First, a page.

Be water safe this summer

As the weather warms up, it's vital for adults and children to be equipped with skills to help them swim safely.

A typical Aussie summer is largely spent at the beach, dipping in and out of the surf, or cooling off in a backyard or public swimming pool.

As a nation surrounded by open water, being in and around water is one of our favourite pastimes. It’s therefore important for both adults and children have water safety skills.

Drowning is still the leading cause of accidental death of children aged under five years, according to the Royal Life Saving National Drowning Report 2018.

You can start regular, formal swimming lessons with babies as young as four months old. It is a great time to start water familiarisation and a great opportunity for parents and carers to connect with their babies.

Research suggests that early swimming lessons can lead to better physical, cognitive and linguistic development in children. A study conducted in 2012 by Griffith University ran for three years and surveyed almost 7000 parents with children under five. It examined whether participation in early swimming lessons impacted subsequent milestones in child development, with results showing a clear connection between children who participated in early swimming lessons developing a range of physical skills and meeting many developmental milestones earlier than their peers.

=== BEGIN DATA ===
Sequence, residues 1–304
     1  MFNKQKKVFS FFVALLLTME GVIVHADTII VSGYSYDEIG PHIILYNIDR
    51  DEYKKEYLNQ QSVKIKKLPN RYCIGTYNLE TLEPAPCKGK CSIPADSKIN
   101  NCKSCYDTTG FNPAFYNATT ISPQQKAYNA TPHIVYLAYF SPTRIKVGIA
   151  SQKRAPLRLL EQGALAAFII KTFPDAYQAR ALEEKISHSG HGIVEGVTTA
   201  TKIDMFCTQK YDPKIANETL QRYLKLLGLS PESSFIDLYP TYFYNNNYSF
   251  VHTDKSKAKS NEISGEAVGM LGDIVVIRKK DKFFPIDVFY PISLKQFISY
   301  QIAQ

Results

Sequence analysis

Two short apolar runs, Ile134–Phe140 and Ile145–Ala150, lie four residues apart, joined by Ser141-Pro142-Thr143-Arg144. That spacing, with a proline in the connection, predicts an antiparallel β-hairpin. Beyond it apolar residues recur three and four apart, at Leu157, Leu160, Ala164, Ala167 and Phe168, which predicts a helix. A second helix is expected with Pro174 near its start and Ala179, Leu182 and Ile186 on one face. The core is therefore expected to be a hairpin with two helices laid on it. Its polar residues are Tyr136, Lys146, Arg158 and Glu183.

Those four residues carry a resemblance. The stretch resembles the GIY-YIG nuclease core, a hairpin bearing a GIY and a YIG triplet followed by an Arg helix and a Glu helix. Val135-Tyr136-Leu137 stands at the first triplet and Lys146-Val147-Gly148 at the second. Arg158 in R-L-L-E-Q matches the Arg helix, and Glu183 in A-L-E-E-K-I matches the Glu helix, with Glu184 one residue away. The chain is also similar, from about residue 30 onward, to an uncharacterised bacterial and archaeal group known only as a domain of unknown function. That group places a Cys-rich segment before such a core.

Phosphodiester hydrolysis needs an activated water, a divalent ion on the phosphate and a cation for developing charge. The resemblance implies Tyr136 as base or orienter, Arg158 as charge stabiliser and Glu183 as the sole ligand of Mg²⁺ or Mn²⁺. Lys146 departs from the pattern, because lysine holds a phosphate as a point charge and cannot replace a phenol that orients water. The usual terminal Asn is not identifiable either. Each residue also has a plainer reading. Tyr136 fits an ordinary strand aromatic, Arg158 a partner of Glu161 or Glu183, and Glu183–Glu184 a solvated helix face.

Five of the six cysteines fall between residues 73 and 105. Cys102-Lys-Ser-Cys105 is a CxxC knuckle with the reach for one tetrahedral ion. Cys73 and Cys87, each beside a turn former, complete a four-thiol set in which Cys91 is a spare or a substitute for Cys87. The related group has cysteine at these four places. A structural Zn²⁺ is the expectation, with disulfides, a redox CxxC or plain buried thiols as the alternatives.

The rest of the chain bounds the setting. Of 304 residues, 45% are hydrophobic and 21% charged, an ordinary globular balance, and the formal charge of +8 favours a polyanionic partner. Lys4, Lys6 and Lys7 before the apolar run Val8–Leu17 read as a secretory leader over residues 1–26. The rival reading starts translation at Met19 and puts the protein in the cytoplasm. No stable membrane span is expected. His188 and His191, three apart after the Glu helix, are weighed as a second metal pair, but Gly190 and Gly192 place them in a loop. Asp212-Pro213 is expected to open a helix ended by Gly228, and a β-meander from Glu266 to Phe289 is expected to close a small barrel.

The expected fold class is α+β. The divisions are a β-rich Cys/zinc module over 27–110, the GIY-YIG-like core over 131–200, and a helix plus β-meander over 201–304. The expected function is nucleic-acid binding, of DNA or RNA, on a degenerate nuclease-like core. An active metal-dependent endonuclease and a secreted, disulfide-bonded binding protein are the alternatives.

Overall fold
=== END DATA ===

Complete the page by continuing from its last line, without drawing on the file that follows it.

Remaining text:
For parents searching for the right swim school, it’s important to ask questions about the programs and wherever possible, do a trial lesson. Swim schools that teach survival skills of treading water, safety circles and encouraging kids to build distance are a great place to start.

Some other top tips for a Safer Summer include;

* Keep watch of your children: A lapse in supervision is the number one contributing factor in toddler drowning deaths. Active supervision is essential – be prepared, be close (within arm’s reach), and give all of your attention, all of the time. Don’t get distracted on your phone, answering the door or preparing food.

* Check the fence: Ensure all pools have fences that comply with government regulations – this includes any neighboring pools. Self-closing and self-latching pool gates should be used and checked regularly. A simple way of testing the gate is to see if it swings freely to close and latch from any open position.

* Don’t give them a boost: Never leave chairs, bins, pot plants, eskies or outdoor furniture near pool areas. Children often use these items to boost themselves up to open a gate or climb a fence.

*Keep it empty: Regularly empty any containers such as eskies, buckets, wading pools or anything that can hold rainwater and store these away where they cannot be filled up with water following rainfall.

* Learn CPR and First Aid: Prevention is the fundamental way to avoid drowning, however, as a last line of defence, CPR is a vital life skill that can help save a life.